If you’re the type that uses their smartphone to the bitter end before charging it then you might like a countdown popup from Battery Shutdown Manager.
Not everyone will use their smartphone or tablet until the battery reaches zero. Technically, the Android OS won’t even let you use the phone until the battery hits 0%. Even then, the battery OEM puts some protection in the battery to prevent this even more. The reason why they do this is because dropping the battery to 0% can do some damage to the longevity of it. Thankfully though, we don’t have to deal with stuff like this because like I said, both the battery OEM and Android prevents this from happening.
When Android reports the battery is at 1%, it’s actually close to 5%(give or take). Since we have this protection, some people like to use their devices until Android shuts them down. The thing is, Android doesn’t really give us much of a heads up as to exactly when it will shut the device off. This can be annoying because you might be in the middle of an email, a text message, or even the last level of that really cool game you are playing. This is where Battery Shutdown Manager comes into play.
Battery Shutdown Manager
After you have installed the application from the Google Play Store, you’ll have to open the Xposed Framework application, enable the Xposed Module and then reboot your smartphone or tablet for it to go into effect. Then, you’ll want to open up the installed application so that you can configure it to your liking. Sadly, you’ll have to pay an in-app purchase to change the time warning and enable translations too. But if you feel the functionality is useful then you should be happy to help support the development of the application. The way it is now though, it’s great because it lets you try out the basic functionality to see if it’s something you would like to pay for.
I also want to note that the developer says there is a Freeload option within the settings. We see this type of feature in applications from Chainfire too. So, you’ll just need to load up the application after it is installed and you have rebooted. Then you can enable that Freeload option and you’ll get all of the pro features for free. Like I said though, if you feel this application is useful then I must insist you pay the developer for their work. Either that, or disable the Freeload option and just use the basic features. It’s only fair and if you like this app(and the developer’s work), then helping to support the development of this app is the only way they’ll be able to continue producing quality apps like this.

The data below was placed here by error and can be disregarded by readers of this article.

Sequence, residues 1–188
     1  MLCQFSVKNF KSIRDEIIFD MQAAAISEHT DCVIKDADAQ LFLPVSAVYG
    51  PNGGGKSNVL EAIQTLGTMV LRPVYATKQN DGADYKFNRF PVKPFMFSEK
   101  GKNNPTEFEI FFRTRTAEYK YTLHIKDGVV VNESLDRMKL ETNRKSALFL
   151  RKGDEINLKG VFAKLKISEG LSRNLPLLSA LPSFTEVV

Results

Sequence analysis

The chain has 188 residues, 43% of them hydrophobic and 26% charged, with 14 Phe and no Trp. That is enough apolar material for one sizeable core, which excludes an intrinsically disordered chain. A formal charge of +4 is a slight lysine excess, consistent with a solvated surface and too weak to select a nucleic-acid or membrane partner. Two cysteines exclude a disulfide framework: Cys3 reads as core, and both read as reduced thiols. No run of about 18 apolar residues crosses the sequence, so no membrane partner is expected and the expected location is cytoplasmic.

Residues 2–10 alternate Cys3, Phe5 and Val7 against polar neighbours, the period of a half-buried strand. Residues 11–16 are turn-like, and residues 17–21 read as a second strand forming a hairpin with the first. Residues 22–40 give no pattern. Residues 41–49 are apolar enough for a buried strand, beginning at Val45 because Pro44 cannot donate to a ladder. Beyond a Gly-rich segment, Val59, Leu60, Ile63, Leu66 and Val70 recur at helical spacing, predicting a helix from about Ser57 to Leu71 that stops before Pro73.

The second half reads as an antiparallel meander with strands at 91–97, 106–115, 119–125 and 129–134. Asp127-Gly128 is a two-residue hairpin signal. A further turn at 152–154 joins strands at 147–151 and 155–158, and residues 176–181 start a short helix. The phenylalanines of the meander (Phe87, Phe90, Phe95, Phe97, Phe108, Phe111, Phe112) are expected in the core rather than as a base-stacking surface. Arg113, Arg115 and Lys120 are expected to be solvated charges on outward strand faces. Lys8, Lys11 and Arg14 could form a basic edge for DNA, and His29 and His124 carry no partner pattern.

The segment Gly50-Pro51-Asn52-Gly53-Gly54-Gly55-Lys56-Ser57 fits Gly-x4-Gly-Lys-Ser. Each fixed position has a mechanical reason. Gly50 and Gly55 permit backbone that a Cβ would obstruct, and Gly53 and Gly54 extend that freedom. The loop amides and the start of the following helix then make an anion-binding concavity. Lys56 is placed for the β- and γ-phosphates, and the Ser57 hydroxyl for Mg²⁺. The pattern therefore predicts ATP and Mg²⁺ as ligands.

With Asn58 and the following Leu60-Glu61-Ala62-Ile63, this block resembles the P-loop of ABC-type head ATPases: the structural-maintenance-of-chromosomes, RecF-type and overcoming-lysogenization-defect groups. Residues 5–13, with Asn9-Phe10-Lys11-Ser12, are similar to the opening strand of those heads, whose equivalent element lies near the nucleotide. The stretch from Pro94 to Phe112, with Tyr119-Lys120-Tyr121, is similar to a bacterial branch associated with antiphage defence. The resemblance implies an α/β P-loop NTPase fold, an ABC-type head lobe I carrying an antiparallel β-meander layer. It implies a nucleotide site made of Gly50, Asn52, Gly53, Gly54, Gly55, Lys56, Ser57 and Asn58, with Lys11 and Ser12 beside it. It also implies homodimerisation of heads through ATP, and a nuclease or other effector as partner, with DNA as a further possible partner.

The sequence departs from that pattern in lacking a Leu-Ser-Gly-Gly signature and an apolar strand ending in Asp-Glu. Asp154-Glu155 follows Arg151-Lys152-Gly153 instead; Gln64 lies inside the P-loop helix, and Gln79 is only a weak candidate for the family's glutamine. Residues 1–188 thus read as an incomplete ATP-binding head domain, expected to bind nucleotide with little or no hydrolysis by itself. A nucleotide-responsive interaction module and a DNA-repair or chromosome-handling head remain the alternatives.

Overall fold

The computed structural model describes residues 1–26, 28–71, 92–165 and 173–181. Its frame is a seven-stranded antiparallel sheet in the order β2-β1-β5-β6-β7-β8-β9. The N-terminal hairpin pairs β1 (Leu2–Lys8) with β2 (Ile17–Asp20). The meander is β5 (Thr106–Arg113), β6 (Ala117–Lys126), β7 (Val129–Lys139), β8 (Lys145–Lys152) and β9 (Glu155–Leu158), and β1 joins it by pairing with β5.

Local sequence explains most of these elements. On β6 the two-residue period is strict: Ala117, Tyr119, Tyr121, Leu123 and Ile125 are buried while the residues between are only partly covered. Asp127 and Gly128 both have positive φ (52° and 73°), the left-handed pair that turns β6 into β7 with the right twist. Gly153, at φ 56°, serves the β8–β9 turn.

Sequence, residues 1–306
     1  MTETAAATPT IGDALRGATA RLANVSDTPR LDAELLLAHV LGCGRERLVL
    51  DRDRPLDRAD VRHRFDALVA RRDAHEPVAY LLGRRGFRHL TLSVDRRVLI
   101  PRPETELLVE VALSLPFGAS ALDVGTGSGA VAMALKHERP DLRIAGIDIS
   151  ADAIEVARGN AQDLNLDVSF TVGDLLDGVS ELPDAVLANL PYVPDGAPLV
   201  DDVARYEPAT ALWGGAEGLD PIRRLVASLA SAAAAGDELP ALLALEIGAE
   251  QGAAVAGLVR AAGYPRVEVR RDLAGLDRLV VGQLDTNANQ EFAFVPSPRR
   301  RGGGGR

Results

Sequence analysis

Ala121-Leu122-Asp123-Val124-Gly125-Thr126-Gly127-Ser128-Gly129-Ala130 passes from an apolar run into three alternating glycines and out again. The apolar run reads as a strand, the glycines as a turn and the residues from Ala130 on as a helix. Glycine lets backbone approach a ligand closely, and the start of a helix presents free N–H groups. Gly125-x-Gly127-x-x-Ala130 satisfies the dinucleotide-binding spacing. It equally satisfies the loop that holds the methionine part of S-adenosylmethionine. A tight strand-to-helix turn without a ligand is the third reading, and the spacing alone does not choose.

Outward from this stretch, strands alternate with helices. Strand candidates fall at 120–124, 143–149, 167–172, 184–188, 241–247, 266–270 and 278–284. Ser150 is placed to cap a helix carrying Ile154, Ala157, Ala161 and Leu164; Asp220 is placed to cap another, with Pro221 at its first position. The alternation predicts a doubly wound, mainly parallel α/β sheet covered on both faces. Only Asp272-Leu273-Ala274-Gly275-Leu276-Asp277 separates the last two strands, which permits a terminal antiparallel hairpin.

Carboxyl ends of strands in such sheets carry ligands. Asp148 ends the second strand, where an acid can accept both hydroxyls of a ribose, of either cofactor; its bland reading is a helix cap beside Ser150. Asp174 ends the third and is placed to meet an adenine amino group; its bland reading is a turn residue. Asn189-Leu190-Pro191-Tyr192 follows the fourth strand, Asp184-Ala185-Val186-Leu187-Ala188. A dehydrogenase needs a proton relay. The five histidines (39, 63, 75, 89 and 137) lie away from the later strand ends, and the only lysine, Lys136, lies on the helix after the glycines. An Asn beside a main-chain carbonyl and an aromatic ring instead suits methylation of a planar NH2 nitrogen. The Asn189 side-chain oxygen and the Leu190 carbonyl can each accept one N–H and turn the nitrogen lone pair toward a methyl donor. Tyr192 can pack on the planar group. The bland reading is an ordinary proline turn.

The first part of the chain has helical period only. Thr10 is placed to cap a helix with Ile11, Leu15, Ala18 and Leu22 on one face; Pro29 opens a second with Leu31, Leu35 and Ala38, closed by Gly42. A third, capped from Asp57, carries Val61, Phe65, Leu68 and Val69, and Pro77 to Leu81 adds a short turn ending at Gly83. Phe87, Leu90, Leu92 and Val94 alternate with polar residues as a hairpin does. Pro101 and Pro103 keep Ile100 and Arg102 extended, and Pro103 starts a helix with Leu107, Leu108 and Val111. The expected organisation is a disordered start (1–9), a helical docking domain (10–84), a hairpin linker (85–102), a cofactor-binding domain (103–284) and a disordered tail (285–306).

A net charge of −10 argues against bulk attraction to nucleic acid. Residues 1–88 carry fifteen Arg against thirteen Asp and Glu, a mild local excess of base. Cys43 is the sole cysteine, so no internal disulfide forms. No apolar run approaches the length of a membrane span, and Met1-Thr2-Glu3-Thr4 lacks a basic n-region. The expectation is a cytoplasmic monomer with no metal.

As mentioned, translations are another feature that need to be paid for before you can enable it(or via the Freeload option). You’ll find this option right under the Time section within the standalone application(which is basically just a settings page). Simply tap on it to enable and then the app will use the language that your smartphone or tablet is currently set to. There isn’t much else to this Xposed Module, but I feel there doesn’t need to be. It aims to one simple task and it does that well. Adding too much to this application will only bloat it and it will probably bring little extra to most of the people who use it.
The developer says they’ve tested this on AOSP and CyanogenMod based software and that it does not work on LG devices(unless they are running AOSP/CM based custom ROMs). If you have any questions or run into any issues with it then please check out the developer’s XDA thread for support.